3 Entrance Exams You will need to research the required test for the program and institution in which you are applying for admission. Some examples of standardized tests that may be required are: Graduate Program: GRE Graduate Record Exam (www.gre.org) MBA: GMAT Graduate Management Admissions Test (www.gmat.org) Law School: LSAT Law School Admission Test (www.lsat.com) Medical School: MCAT Medical College Admission Test (www.mcat.com) Vet School: VCAT Veterinary Medicine College Admission Test Test information booklets and practice tests are available in the Center for Career Development. Submit and Complete Your Application Application: Call, or write directly to the graduate admissions office for an application. Request an application, catalog, and any specific information they may have on the particular program in which you are interested. It is suggested that you type all paper applications. You may also submit your application online. It might be helpful to prepare copies for practice versions prior to completing the original. Answer all questions. Transcripts: Request your official transcript from the Registrar s Office. It can take up to a week to process this request. Grade point averages are important, but are not examined in isolation. In addition, the rigor of the courses you have taken, your course load, and the reputation of the college you have attended are also considered. You will need official transcripts from all colleges attended and study abroad programs. Contact each school individually for these requests. Submit these requests well in advance of the application deadline. Standardized Tests: Standardized tests are offered throughout the year, either by computer or paper and pencil. Most common tests taken are the GRE, GMAT, LSAT, MCAT. Tests scores for the paper/pencil version take 4-6 weeks to process. Computerized versions are available immediately. Check the Center for Career Development for test application and study materials. Letters of Recommendation: Obtaining letters of recommendation is an often mandatory step in completing your application. Start this process early; you don t want to have to wait for letters and miss a deadline. You should choose faculty and professionals who know you well. Give them 4 weeks or more to prepare a recommendation letter. Coach and prepare your references. Provide them with a resume, personal statement, and copies of work that you have completed for them. Make sure they know your deadlines. Pick one extra person in case you fall short. If planning on taking a year or two off prior to grad school, it is important to ask your faculty members while you are still in school if they will be a reference for you when you apply at a later date. Provide them with the same information now as you would if you were applying at this time and find out how you can contact them when you need the reference. Stay in touch with them! Application Fee: Most graduate schools require an application fee. Some fees may be waived if you meet certain financial criteria, but you will need to complete paperwork to receive this waiver. Essay: Refer to the back of this page for this in depth information on essays. Interview: Some graduate schools require you to appear for an interview. It can be a very important opportunity for you to persuade a department that you are an excellent candidate for their program. Keep in mind, as the interviewer is asking you questions, they are more interested in how you think than what you think. You should prepare for the graduate school interview, just as you would a job interview. See the back of this page for sample interview questions or schedule a mock interview with the Center for Career Development. Portfolio: Fields that involve creativity usually require you to submit a portfolio as part of the application process. It should show your skills and ability to do further work in a particular field, and it should reflect the scope of your cumulative training and experience. You may want to prepare an electronic portfolio as well. A website or CD are examples.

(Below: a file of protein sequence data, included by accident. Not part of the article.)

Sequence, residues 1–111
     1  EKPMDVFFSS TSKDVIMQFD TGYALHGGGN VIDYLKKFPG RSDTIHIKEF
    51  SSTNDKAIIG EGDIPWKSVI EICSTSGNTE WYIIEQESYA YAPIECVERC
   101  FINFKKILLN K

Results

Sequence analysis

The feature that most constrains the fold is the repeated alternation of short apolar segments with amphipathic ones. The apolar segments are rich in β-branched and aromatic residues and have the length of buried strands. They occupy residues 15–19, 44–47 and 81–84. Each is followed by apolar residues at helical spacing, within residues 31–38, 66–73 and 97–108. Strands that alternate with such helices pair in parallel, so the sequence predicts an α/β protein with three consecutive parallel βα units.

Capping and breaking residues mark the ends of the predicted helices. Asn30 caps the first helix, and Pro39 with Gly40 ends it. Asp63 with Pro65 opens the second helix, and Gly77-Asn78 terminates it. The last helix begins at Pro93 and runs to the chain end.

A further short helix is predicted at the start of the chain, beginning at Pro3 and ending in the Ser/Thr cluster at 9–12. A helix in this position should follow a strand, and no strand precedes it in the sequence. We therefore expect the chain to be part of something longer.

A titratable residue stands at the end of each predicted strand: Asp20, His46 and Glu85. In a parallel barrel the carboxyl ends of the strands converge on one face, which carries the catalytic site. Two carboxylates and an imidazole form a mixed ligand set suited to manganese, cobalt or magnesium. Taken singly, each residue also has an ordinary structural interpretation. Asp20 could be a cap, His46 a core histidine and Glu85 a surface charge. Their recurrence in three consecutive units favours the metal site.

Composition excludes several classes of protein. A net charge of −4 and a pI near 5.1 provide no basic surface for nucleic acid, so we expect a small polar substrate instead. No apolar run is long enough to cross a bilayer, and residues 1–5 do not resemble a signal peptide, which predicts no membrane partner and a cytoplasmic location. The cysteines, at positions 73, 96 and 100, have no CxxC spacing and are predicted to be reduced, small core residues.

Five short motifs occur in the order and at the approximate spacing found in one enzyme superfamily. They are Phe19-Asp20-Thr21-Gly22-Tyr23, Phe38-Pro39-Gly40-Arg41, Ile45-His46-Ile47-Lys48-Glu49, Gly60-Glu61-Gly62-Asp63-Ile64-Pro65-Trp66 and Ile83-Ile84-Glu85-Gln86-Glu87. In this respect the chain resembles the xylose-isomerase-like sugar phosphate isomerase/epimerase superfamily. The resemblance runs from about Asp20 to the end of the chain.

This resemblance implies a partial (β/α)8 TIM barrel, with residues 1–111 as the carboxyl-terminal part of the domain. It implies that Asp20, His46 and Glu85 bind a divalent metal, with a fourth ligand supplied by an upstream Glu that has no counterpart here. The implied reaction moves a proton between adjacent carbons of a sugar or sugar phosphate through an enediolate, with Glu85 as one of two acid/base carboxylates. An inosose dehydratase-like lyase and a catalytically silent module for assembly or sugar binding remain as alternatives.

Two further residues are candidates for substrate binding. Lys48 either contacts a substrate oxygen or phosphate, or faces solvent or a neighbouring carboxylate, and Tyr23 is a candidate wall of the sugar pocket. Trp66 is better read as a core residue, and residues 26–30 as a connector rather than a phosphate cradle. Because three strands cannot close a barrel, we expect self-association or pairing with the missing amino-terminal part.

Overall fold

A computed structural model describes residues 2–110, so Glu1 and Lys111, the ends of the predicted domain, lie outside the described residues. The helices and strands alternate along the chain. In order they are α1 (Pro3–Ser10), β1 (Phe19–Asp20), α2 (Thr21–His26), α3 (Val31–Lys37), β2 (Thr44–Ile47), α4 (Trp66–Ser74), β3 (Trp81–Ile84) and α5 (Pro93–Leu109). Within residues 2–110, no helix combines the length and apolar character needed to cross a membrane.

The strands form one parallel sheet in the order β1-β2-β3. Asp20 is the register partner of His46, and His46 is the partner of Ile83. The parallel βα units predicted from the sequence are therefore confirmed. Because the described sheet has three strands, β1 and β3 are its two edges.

4 Personal Statements & Essays When completing your application for graduate school, you will probably need to write a personal statement or an admission essay. Of course, the essay will be about you, but the topic may vary. Some graduate programs may ask for a personal statement. Other schools might ask you to be more specific and they may want to know why you chose a certain field, what you intend to do when you graduate and why you are applying to their school. No matter what the topic of the essay is, keep in mind that the admissions committee members want to know two things when they read your essay: Are you realistic about the field in general? The applicant who wants to get a Master s in Social Work to help rid the world of poverty, the education student who wants to mold the minds of youth for the 21st century are simply not realistic. In addition, someone who does not have a clear view of his or her field of study is probably not very realistic about the demands and rigors of a graduate program either. Most graduate schools look for students who know what they are getting into and why. Are you articulate? Can you write a decent paragraph? Graduate schools want students who can express themselves in an intelligent way, using proper logic, form, grammar and punctuation. The essay is important not only for WHAT you write, but also for HOW you write it. It should also be well organized, succinct, specific, customized, and proofread. The essay is your chance to show why you want to go to graduate school, your strengths and achievements, and why you are interested in a particular department or program. To help you achieve the results that you want, it is very important to talk about your essay with someone else to get a different view. The Center for Career Development has many samples of essays, as well as staff members to assist you in critiquing your personal statement. Consult your faculty for additional guidance. Sample Interview Questions Graduate School: What do you do in your spare time? What do you intend to gain from your degree? What schools have you applied to and why? Pretend you are me, and I am you: What would you look for in an applicant? How much money do you expect to earn? What are your positive qualities and what are your negative qualities? Of what value can you be to our school? What do you see yourself doing 10 years from now? What aspects of your life experiences do you think makes you a good candidate for this graduate program? Medical/Dental School: Why do you want to be a doctor/dentist? What are your specific goals in medicine? How do you plan to finance your medical education? There are 1,000 applicants as qualified as you. Why should we choose you? What steps have you taken to acquaint yourself with what a physician/dentist does? What do you think the most pressing issue in medicine is today? What would you like to do if you were not accepted into medical school? What do you think about euthanasia? What do you think about the managed care?
5 Ideal Timeline This timeline outlines, in general terms, what you should be doing in preparation for graduate school. The timeframe refers to what needs to happen in advance of the semester you begin your program, (for example, 2 years in Advance of Fall 2010 or Fall 2011). 2.5 Years in Advance: Discuss your interests for post BA/BS work with your advisor and faculty members Begin to define or inquire about specialties in your chosen field. 2 Years in Advance: Meet with the Center for Career Development staff, academic advisors, and faculty to discuss your interests, learning style needs, etc. Become knowledgeable of the resources available to you and develop a list of schools of interest. 1.5 Years in Advance: Get more intense with your research and become even more familiar with the programs that look like a good fit for you. Ask faculty members for their input and advice. Investigate fellowships, scholarships and financial aid. Fellowship assistance can be obtained in the Academic Advising Office and the Provost Office. 1 Year in Advance: Register and prepare for appropriate graduate admission tests. Have a list of 6-12 target schools. Visit as many of these campuses as possible. Begin to acquire letters of recommendation. If necessary, request application material. Get started on your application essay. Set a timeline for yourself on application deadlines. 9 Months in Advance: Confirm and collect recommendation letters (3-5). Take necessary admission tests if you haven t already. Make copies of all application material and mail completed applications. Request transcripts from the registrar and send additional transcripts as necessary. 6 Months in Advance: Call all schools to which you have applied and confirm that your file is complete do this prior to the application deadline. Keep faculty members informed of your application status. Visit all programs of acceptance and evaluate offers. Notify all accepted and rejected schools. Consider deferring admittance if that is available. 3 Months in Advance: Make up any and all academic deficiencies or get a head start and enroll in a graduate class. Thank all recommenders for their support, assistance, and encouragement. Keep in touch with faculty. Visit for additional information and resources about graduate school!